Oberlin-inspired bike co-ops in
Houston and San Francisco
help kids take the wheel
by Peter Meredith ’02
In Houston, Third Ward’s Chopper Club teaches artistry along with basic machining and welding skills. Posing with club members are Benjy Mason (left) and Zach Moser, both ’02.
In an inner-city neighborhood of the sprawling, car-choked city of Houston, four Oberlin alumni are leading a bicycle revolution.
Seth Capron, Katy Goodman, Benjy Mason, and Zach Moser, all members of the Class of 2002, are founders of the Third Ward Community Bike Center, a lively nonprofit that teaches neighborhood residents how to make and repair their own bikes.
“In college we learned that bikes could be an awesome tool for teaching self-sufficiency, building confidence, and promoting community,” says Goodman. “We wanted to take those ideas beyond Oberlin.”
Third Ward is one of several bike centers around the country—such as the Bike Kitchen in San Francisco and the Ohio City Bicycle Co-op in Cleveland—founded by former students who worked with the Oberlin Bike Co-op. Based in the basement of Keep Cottage, the student-run learning center was founded in 1986 as a place for students and townspeople to construct and fix their own bikes.
Inspired by the philosophy, the founders of Third Ward chose to open shop in a city that couldn’t be more different from Oberlin. “Houston is sort of a lawless place. It has few zoning laws, and it’s huge and sprawling,” says Capron. “Not having transportation isn’t much of an option, especially in our inner-city neighborhood. There are no grocery stores, major banks, or even many jobs within two to three miles.”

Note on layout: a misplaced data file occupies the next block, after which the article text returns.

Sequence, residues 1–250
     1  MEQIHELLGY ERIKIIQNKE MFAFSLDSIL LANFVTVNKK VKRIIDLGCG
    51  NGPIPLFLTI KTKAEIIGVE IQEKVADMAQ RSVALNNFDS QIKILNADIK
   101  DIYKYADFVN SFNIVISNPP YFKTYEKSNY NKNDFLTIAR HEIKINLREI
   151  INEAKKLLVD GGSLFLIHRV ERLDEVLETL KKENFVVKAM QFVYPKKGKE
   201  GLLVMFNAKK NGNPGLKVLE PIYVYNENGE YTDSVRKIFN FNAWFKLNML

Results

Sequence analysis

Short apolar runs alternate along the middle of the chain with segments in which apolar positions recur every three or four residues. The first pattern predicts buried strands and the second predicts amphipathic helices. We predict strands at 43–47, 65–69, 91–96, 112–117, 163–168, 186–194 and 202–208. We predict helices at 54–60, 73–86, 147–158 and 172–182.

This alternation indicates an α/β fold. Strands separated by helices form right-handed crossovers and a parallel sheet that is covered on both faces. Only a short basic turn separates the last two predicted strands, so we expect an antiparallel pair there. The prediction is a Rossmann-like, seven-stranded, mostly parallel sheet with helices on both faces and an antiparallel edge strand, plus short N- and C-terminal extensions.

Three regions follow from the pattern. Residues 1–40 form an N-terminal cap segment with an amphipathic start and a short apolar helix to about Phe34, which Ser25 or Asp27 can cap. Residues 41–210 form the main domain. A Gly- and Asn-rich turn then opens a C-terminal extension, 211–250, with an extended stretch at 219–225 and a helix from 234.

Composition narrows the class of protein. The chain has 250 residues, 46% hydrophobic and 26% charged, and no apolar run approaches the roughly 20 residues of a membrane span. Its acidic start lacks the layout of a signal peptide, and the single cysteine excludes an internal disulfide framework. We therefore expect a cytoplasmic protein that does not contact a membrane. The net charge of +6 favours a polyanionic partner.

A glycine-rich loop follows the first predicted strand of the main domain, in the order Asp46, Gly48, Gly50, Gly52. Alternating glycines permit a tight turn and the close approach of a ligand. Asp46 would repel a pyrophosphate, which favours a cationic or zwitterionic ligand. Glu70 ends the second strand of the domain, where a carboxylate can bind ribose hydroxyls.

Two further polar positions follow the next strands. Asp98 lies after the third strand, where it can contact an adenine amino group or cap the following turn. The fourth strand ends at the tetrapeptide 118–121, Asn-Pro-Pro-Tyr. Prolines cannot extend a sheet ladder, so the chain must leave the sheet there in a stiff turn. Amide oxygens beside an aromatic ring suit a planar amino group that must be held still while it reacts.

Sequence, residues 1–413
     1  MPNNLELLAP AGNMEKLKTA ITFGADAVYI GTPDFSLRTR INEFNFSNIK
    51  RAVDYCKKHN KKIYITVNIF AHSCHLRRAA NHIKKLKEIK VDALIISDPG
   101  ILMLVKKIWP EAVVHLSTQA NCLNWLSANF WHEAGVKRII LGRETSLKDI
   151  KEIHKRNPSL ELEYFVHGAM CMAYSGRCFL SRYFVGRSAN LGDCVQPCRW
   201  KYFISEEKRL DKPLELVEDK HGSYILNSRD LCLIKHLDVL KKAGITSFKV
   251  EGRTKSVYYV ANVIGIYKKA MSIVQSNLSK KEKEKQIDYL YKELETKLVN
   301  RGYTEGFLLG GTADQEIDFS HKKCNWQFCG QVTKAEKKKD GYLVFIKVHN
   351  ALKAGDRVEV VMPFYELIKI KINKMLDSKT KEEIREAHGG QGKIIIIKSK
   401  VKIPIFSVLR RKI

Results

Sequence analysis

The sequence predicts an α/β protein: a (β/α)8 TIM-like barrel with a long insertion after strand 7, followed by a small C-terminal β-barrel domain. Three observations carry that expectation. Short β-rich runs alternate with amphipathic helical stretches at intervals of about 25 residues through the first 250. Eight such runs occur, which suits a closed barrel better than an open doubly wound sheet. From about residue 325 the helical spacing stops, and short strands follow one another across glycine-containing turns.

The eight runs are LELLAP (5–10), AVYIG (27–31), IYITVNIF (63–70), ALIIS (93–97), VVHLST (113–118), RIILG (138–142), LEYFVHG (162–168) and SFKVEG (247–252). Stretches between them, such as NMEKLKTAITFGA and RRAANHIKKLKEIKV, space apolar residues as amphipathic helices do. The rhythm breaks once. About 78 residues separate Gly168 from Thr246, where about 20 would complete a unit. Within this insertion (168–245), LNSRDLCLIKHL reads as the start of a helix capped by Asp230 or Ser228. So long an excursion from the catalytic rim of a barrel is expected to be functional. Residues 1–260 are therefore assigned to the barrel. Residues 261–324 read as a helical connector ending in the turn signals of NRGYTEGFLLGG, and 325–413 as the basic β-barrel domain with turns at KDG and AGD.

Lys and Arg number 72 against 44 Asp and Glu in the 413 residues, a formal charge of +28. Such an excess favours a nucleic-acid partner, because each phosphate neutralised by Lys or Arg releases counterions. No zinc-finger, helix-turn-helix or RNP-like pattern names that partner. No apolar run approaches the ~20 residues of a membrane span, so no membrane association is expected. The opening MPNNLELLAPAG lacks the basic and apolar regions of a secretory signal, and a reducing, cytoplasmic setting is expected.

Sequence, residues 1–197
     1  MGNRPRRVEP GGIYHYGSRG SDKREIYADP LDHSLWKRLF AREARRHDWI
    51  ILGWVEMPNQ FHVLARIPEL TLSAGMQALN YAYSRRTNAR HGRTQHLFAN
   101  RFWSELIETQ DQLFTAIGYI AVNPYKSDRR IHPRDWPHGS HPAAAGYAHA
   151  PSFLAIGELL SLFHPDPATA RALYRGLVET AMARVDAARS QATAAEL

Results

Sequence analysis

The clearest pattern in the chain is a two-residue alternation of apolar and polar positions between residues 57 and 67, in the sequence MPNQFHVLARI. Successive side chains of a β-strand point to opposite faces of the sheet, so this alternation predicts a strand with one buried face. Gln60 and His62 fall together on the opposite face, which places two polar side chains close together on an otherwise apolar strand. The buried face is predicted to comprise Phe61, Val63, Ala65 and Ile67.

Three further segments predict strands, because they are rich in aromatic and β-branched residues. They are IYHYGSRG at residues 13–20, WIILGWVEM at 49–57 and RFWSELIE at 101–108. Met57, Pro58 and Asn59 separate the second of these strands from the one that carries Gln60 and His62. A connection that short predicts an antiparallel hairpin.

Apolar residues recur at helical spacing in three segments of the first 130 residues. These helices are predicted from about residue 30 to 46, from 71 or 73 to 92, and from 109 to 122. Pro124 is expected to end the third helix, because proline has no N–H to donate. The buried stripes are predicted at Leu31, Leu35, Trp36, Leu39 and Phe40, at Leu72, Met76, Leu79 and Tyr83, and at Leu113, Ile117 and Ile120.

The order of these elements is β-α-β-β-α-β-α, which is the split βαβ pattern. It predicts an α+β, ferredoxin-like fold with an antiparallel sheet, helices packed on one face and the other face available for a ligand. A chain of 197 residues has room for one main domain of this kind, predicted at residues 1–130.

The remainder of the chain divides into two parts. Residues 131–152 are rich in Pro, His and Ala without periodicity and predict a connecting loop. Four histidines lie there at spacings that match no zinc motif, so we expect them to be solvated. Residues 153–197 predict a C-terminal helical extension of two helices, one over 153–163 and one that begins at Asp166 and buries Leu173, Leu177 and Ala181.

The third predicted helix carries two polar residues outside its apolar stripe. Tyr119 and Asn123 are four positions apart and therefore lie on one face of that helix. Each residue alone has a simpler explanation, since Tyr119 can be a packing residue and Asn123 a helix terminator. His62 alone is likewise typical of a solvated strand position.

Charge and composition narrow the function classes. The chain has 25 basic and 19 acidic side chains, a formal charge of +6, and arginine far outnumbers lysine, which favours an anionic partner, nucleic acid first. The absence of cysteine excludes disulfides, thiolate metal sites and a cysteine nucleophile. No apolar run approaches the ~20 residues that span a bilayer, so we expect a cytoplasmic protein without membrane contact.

Third Ward promotes bikes as an affordable means of transportation. Drop-in sessions, after-school programs, and even an Earn-a-Bike Program teach kids both to fix their own bicycles and to build bikes for themselves and local charities by using old parts. Services are free and attract about 200 people monthly; 70 percent are children and teens.
The program isn’t just about bikes, however. “We’re not bike activists,” explains Moser. “Our main goal is to build community and empower kids by giving them access to a decision-making activity. Bikes are just the things we started with.” More educational programs are down the road: expansion plans call for classes in silkscreen and sewing, plus the creation of a local clothing label for youth to market garments they make themselves.
Empowering kids through hands-on projects was a philosophy developed by the four Obies as organizers of community activities in Oberlin, such as the Big Parade. Begun by the group in 2001 as a way to facilitate youth-led projects, the parade has evolved into a yearly Oberlin tradition involving 1,500 participants and spectators.
“We created the format of the parade and set up workshops, but we then stepped back and invited people to participate in any way they wanted,” says Moser. “Our big emphasis has always been on creating activities rather than providing ideology.”
Yearning to continue their work after college, the alumni set off for Houston, where Moser’s newly won Compton Mentor Fellowship Grant provided $20,000 in startup funds to establish the bike center. All four lived in a two-bedroom apartment for a year until other grants and donations allowed them to draw modest salaries for the full-time work.
“We chose to move to Houston specifically because it is not a place where most Oberlin students end up,” says Goodman. “Young people don’t flock here after leaving a liberal arts college like they do to other cities. We wanted to share our Oberlin values and ideas with an audience that’s not usually exposed to them.”
Next Page >>